Jonathan Höh from the global network of GrECo nova insurance specialists spoke with pan-African insurance broker OLEA about the conditions in and peculiarities of that fast growing – but largely unstable – region.

HÖH: Why do we often have the wrong idea when we think about the size of Africa?

OLEA: For a long time, Europe was deliberately enlarged on maps to symbolise its power over other continents and countries. This is why Africa appears much smaller than it is in reality. In fact, Africa has a total area of 30 million km². Compared to this, China and the United States each measure just 10 million km².

HÖH: Are you expecting major growth in Africa in the coming years?

OLEA: Africa is the fastest-growing region in the world, even faster than South East Asia. Six of the 12 fastest-growing countries in the world are in Africa. The emergence of a new middle class and considerable improvements in economic governance are two important factors for long-term growth. Logistics is becoming more and more important, as are telecommunications and energy.

HÖH: What are the main risks for European companies doing business in Africa?

OLEA: Aside from the complicated political environment in most African countries, political violence and terrorism must also be taken into consideration. The World Economic Forum identifies the failure of national governments, financial crises and illicit trade as the main risks in this region. Social instability and the provision of resources are also problematic. Energy price shocks and water crises are possible.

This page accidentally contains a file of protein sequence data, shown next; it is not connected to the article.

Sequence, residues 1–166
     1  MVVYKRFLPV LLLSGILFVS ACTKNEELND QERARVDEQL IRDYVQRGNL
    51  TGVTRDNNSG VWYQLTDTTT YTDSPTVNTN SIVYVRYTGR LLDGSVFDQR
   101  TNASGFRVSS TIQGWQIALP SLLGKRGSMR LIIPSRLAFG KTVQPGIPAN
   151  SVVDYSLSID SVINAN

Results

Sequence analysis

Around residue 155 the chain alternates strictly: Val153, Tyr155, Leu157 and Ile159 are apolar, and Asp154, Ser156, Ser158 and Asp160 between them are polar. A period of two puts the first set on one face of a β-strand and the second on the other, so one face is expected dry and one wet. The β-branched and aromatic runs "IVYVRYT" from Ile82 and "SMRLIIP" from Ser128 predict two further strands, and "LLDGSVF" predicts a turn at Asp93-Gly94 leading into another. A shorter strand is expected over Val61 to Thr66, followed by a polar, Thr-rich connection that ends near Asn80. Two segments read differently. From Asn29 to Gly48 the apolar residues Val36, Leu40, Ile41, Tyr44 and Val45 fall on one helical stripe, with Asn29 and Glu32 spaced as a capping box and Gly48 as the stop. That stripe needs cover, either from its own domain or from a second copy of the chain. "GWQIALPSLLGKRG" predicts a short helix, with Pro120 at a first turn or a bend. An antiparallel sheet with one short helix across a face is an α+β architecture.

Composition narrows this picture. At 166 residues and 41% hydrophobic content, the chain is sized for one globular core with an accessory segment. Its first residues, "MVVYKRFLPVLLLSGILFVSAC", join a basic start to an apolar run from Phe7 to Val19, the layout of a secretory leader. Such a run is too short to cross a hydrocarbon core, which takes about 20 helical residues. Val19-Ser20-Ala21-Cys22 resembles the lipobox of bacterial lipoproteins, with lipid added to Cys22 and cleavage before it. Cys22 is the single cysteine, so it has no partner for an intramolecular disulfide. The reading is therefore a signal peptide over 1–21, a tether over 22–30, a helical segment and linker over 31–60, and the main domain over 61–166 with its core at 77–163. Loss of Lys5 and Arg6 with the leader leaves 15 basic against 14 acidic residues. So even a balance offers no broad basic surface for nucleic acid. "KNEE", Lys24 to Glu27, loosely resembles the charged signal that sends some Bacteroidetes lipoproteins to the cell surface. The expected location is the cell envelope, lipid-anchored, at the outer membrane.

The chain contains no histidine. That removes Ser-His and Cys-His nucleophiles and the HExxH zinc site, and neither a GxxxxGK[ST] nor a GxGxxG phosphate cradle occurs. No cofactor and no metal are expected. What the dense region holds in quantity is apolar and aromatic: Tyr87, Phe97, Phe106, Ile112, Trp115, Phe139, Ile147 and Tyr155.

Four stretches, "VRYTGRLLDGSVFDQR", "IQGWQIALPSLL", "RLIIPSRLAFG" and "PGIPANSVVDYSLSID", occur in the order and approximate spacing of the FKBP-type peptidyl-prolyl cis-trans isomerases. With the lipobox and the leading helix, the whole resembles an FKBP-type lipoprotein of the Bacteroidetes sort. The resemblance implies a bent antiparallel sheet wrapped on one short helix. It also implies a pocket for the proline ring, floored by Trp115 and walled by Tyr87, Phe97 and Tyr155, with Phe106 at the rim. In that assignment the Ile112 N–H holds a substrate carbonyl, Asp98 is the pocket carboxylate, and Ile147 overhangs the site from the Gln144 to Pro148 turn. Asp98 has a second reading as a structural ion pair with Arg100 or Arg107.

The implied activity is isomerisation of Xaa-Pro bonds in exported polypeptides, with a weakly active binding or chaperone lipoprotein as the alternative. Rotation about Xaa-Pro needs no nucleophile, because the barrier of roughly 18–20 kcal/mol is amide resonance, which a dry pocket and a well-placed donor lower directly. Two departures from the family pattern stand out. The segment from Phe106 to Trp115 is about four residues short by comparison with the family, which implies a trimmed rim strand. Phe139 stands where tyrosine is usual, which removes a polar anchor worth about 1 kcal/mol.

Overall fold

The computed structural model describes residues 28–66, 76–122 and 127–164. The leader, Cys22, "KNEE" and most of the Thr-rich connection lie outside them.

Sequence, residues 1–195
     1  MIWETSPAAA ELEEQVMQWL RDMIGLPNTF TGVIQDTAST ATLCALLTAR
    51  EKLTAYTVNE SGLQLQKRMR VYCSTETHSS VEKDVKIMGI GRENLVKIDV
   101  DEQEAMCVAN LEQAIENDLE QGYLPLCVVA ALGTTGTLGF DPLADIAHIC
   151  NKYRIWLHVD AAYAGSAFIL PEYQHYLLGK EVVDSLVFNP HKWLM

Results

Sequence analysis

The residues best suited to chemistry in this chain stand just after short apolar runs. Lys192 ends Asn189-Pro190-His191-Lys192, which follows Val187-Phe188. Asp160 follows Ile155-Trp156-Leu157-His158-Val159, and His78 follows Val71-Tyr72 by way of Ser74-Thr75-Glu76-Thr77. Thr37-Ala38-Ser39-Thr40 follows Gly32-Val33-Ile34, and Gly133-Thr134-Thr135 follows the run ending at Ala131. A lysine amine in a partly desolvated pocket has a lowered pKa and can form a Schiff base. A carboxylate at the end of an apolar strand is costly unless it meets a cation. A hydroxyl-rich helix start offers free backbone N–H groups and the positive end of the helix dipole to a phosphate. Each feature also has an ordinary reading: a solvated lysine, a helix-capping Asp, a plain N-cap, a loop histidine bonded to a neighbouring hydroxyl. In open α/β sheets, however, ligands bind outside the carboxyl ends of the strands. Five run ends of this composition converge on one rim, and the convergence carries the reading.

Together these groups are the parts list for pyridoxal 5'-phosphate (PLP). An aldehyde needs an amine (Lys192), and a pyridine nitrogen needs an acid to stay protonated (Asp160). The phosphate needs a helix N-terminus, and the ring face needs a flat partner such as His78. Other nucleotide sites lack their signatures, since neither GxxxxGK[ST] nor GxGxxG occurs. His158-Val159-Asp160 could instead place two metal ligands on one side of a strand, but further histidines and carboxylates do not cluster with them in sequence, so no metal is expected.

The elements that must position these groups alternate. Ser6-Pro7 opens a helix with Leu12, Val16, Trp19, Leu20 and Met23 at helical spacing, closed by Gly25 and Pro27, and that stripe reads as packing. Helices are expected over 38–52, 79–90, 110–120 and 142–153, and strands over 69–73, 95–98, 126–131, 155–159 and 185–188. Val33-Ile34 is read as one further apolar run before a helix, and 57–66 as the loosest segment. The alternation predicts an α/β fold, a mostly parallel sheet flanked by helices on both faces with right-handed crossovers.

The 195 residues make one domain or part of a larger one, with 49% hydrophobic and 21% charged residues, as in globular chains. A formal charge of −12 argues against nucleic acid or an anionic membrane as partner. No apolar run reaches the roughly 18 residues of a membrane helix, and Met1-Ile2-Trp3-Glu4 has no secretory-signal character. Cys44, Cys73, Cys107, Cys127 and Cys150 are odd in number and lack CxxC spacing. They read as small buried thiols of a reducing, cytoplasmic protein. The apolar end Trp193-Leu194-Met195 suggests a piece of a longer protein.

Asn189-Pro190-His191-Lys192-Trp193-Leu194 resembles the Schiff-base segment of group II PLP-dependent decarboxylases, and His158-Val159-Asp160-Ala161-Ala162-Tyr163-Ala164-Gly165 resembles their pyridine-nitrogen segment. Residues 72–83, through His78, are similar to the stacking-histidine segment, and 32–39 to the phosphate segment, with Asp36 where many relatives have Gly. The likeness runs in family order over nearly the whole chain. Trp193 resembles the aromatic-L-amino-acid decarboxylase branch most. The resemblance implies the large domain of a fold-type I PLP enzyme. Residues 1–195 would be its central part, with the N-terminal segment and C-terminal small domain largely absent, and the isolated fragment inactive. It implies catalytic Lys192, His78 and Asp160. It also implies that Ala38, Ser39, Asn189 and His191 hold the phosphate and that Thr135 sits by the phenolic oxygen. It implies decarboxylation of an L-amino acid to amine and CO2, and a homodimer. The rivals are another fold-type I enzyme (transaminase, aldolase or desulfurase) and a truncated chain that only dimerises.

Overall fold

HÖH: What does the African insurance market look like?

OLEA: The insurance market is still very immature throughout Africa – with the exception of a few markets like South Africa. Market penetration is below 3%. Ten countries account for 90% of all premiums paid on the continent. However, many markets in Africa are currently making progress in the insurance market. This development is boosted by an active regulatory agenda and reform, as well as by active steps taken by insurers to improve the immature market practices. The commercial insurers benefit from the growth of the energy, electricity and mining sectors and other affiliated infrastructures. M&A activities are rising, as new investors are being attracted to the continent and interregional activity is increasing, especially from South Africa.

HÖH: What special aspects of international insurance programmes must be considered?

OLEA: We are overseeing an increasing number of pan-African insurance programmes at OLEA. As there are different regulations for insurance policies in Africa, compliance with the local standards of each individual market is really crucial. This is a particular challenge due to there being 40 different insurance regulations in Africa. However, it is possible for the share that has to be placed in Africa due to regulatory requirements to be reinsured by renowned international players. The African reinsurers are rated from A- (Africa Re) to B+ (Continental Re). The minimum capital requirements were recently increased from 1 to 5 billion XAF/XOF (approx. 7.6 million EUR) in order to ensure that the insurance companies active on these markets remain strong and solvent.